So taking inspiration from Natal in South Africa, Australia implemented a language test to restrict non-white immigration.  Non-white people arriving at an Australian port were subjected to a dictation test to evaluate their proficiency in a European language. 

The language was arbitrarily chosen, and was thus not necessarily English, Maclean notes.  This proved to be an impenetrable barrier to non-white immigration, including from India where many actually spoke good English.  Those non-whites who were conceded rights of residency by virtue of residing in Australia prior to federation were granted a Certificate Exempting from Dictation Test.

Life was still difficult for those non-whites who were conceded rights of residency.  It was illegal for them to work in certain industries like sugar, mining, and hospitality, as these were reserved for white labour.  Thus most Indians ended up working as hawkers during the first few decades after federation. 

Indeed, Australians in rural areas became heavily reliant on Indian hawkers, who travelled from town to town selling their wares, most of which came from India.  Despite the romantic image that such a life might evoke, it was, in reality, a difficult existence for these itinerants who travelled constantly, according to Maclean. 

There were great restrictions on bringing their wives and children to Australia.  This meant that a hawker coming near retirement was usually unable to pass his business on to a son.  It was a fairly lonely existence for many Indian men.  But some married Australian women and settled, and actually became quite prosperous.  Some passed away in country towns, while others returned to India.

Over time, as more independent information about India came to Australia, attitudes would slowly change, Maclean notes.  Australian missionaries and the Theosophical Society had a more sympathetic disposition towards India.  And Australians made donations to help India cope with famines.  At the same time, Australians were unsympathetic to Gandhi and the independence movement, as it was seen as breaking the Empire.

Perhaps the tragic irony of Indians’ plight was that many Indians fought with the British military, and suffered greatly, in the two World Wars.  This irony was made worse in the post World War 2 period when whites from the former enemies of Germany and Italy were welcomed as immigrants into Australia, whereas Indians were not.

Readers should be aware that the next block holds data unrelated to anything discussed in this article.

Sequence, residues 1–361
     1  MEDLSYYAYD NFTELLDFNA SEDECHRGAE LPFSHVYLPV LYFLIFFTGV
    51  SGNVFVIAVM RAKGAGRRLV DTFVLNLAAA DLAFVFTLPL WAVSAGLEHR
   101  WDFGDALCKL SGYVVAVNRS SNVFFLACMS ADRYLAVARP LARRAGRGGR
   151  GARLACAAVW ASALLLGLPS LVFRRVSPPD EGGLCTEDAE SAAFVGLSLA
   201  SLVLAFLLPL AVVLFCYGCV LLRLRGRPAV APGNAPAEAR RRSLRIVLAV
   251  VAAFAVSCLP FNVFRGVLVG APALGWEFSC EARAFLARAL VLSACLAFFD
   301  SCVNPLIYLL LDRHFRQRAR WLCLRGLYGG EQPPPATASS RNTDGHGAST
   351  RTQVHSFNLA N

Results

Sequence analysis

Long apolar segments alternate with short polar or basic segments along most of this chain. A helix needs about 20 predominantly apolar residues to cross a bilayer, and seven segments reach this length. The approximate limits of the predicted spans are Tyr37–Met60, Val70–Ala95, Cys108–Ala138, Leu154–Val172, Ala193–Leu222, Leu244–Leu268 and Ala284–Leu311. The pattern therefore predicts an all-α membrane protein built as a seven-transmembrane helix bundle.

Today, the town of Woolgoolga in New South Wales has some descendants from Australia’s historic Indian community.  Indeed, it has the largest regional Sikh/Punjabi population in Australia, which reportedly owns 90% of the area’s banana farms and are also diversifying into blueberries.  The success of this community is enough to demonstrate how much more Indians could have contributed to Australia if the White Australia Policy did not exist.

Maclean’s book provides fascinating insights into a little-understood period of Australian history during which Indians suffered from the White Australian Policy and other forms of discrimination.  But her pessimism about the weight of history on Australia/India relations may be exaggerated. 

Image source: SBS

Migration is bringing India and Australia much closer.  Indeed, while trade relations between Australia and India may be weak, India is now the fastest-growing source of immigrants into Australia, and Indians are probably Australia’s most successful Asian immigrants, as is clearly the case in the US. 

Moreover, Australia and Japan have demonstrated the power of reconciliation and shows how countries can come to terms with history and become close partners as Australia and India could become.  And with China becoming an even more problematic neighbour for India, the time is ripe for a strong Australia/India relationship.

All that said, as Australia becomes increasingly immersed in the emerging Asian Century, it is very important that Australians understand much better their history with the region.  And in that respect, Maclean’s book tells a very important story.  

The views and opinions expressed in this article are those of the author and do not necessarily reflect the views of The Kootneeti Team

Professor John West

Professor John West is the author of the recent book, “Asian Century … on a Knife-edge,” and executive director of the Asian Century Institute. He is also an adjunct professor at Tokyo’s Sophia University where he teaches Japanese Business and Economy and Asia’s Economic Development. He can be reached at john.mangwest@gmail.com